the woman who wants to build houses on mars:
a talk with francesca parotti
mother, engineer and unbreakable dreamer. one day she met the aerospace industry and with it, another great passion.
What if a nuclear war, an asteroid collision or a rogue AI sent it all up in smoke, blotting out our own fragile existence? As far as home planets go, the Earth ticks most of the boxes: oxygen, water, food and lovely views. But there are risks to be considered too.
Luckily, Elon Musk is one step ahead and last year outlined his ambition to send humans to Mars as a “backup drive” for civilization. Now, the billionaire entrepreneur has provided further details of his vision to make humans a multi-planetary species in a breezy paper, published in the appropriately-titled journal New Space.
Elon isn't the only one dreaming about Mars, let's meet Francesca.
pills of francesca
Francesca Parotti graduated in civil engineering at the University of Florence and continued with a Ph.D. in Material Science and Technology.
Francesca now works as a Freelancer Engineer ad she is Professor at ISIA Florence where she teaches Material Technology and Technology Innovation. She recently won, together with her students, 2 different prizes with Pro-touch Glove, a device that allows astronauts to regain tactile sensation while wearing a spacesuit.
the new space world approach
Thousands of people have been celebrating on July 1969 and probably even more the 50th anniversary of the first Moon landing, the excitement was spread all around the globe!
- On 20 July 1969, the Eagle module from Apollo 11 landed at Tranquility Base.
- Hours later, at 21:56 CT (02:56 GMT), Neil Armstrong made history by becoming the first person to walk on the Moon.
- Originally inspired by the US's Cold War rivalry with the Soviet Union, the mission is now remembered as an iconic moment for stargazers all over the world.
"After that? Indifference occurs because we haven’t gone back" - Francesca ParottiBut we are going back! There are plans to go back to the Moon, Mars and even beyond. In the latest years space regained a place in our mind and heart, we are all excited about future space missions. SpaceX, Blue Origin, Rocket Lab represent for people now what Apollo 11 represented that 20 July of 1969, a Giant Leap!
extracts from the interview
What do you think about the relationship between Public and Private companies in aerospace? How can they coexist? What can private businesses offer that public ones couldn’t?
"Great question, until recent years, the Italian Space Agency (ASI) was strong, steady and really value on an international level for its research, the effective technological innovation and the precision on designing devices. In the last years, we hear less of ASI, this is because some internal problems occur and now ASI is trying to rearrange itself. In stead, private businesses can come up in other countries but in Italy. Space is business, or at least talking around that is business. We already know that to sell a product there is no need to have a good product but to have great communication. Private businesses usually have excellent communicators and we’ll see what happens."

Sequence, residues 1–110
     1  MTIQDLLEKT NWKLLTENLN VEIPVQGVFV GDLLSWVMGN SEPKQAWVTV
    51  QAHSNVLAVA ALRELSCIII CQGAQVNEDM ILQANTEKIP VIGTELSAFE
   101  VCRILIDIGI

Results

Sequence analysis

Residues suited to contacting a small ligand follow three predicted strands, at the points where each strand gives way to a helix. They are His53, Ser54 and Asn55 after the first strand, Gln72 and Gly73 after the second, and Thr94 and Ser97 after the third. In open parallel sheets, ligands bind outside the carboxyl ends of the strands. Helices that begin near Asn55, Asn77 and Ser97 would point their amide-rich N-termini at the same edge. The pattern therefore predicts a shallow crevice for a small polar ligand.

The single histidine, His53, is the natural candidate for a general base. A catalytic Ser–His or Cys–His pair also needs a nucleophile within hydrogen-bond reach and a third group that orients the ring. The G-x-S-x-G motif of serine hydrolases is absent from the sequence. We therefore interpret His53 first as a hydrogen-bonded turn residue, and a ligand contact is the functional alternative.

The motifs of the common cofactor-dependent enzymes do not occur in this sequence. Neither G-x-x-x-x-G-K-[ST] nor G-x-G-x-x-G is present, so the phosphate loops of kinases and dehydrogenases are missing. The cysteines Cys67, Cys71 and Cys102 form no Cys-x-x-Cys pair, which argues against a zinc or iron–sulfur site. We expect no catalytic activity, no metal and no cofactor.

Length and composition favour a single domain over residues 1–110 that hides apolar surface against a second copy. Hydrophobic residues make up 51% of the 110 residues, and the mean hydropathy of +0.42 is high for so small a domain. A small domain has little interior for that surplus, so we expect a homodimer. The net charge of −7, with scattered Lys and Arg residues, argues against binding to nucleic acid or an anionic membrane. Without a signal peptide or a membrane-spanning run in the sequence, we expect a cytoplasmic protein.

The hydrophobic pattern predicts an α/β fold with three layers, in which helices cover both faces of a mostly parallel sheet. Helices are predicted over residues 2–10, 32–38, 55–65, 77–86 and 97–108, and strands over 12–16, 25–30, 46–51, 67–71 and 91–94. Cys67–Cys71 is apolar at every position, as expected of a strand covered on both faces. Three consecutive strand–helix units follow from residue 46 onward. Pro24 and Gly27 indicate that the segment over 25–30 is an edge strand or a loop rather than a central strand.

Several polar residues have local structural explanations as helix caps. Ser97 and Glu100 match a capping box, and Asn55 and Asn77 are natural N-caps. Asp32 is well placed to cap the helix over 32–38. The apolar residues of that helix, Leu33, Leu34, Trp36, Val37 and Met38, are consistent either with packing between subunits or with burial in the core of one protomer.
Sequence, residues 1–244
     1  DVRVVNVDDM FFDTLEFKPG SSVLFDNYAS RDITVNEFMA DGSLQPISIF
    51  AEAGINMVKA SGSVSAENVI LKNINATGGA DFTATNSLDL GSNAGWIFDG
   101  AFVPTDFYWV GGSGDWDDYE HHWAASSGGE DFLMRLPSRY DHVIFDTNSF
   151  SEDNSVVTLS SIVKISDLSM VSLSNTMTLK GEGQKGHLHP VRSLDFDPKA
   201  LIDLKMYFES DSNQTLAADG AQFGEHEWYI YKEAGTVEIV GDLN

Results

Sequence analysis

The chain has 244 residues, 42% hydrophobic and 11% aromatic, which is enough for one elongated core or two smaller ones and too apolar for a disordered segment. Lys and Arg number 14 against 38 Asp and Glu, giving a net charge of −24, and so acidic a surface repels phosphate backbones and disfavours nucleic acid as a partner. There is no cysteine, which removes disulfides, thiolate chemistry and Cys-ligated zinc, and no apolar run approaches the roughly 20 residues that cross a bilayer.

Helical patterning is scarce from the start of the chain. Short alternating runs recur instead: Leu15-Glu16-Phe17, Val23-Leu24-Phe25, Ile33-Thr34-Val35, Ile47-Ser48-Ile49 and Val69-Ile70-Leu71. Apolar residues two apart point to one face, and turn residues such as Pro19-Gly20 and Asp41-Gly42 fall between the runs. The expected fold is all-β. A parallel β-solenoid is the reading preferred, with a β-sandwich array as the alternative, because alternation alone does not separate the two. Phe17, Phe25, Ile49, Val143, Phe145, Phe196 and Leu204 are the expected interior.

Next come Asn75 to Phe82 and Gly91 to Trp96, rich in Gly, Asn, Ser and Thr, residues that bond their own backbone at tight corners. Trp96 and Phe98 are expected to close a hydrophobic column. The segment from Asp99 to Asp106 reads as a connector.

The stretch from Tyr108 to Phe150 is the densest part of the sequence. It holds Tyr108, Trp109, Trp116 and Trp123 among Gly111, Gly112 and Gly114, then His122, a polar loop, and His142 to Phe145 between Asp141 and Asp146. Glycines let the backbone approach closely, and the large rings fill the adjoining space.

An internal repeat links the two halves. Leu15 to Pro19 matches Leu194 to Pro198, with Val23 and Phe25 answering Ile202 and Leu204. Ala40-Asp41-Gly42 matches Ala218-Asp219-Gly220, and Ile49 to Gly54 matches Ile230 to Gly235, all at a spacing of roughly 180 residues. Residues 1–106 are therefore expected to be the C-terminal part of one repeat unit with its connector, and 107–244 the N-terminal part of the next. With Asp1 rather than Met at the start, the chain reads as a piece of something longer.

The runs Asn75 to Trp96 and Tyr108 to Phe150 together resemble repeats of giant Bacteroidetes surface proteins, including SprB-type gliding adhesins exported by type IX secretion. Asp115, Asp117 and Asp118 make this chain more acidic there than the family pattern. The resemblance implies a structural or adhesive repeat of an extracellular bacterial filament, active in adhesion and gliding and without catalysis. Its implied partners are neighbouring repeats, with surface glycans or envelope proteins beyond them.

What are the most innovative materials that are not well known on Earth that are likely to have a brighter future in space?
"Biopolymers and therefore polymers grew by cyanobacteria. This is a research project that I’m following in parallel. In which there are possibilities of obtaining bioplastics, grew by cyanobacteria. they are easily transportable and with a technically infinite production source. Moreover those plastic are digestible for other bacteria. So, hybrid always win, organic with inorganic, a great mush up we can take to space."
What should the companies in the aerospace supply chain address in the next future?
"User experience first, they need to consider the role of the designer as a basic role inside the project, not only engineers and physicist. Designers are very important, I’m saying it as an engineer.
Francesca has spoken on her thoughts on the future of aerospace and what for her are the major challenges that the aerospace industry has to face from now on.
She spoke about the experience, user experience to be specific, but if we take a moment to analyze who are the characters that experience this specific sector you will find out that the globe all is involved. Francesca and her team focused on astronauts' user experience and what they could do to improve that, but, astronauts are not the only ones who experience space. Engagement in missions, training, research, and all the different aerospace-related activities is NOT just on astronauts, space agencies employers or the experts at mission control, otherwise, why would 650 million people turn their TV on to watch that One Step?
The experience around the aerospace industry is lived by all the Human Beings, and that highlights another important factor for the space industry to consider when budgeting business activities, Communication!
huston we have a problem!
Clearly, the user experience doesn't end when astronauts are coming home or after separation or in any other launch stage! Communication in this sense is a turn-key factor for the aerospace industry, to connect with the audience and keep everyone connected on the same common dream. And in the Digital Era, when anything seems to be accessible, communication on digital platforms needs to be prioritized and kept under control. When we kept audience active on space programs we went to the moon, isn't time to go to Mars?
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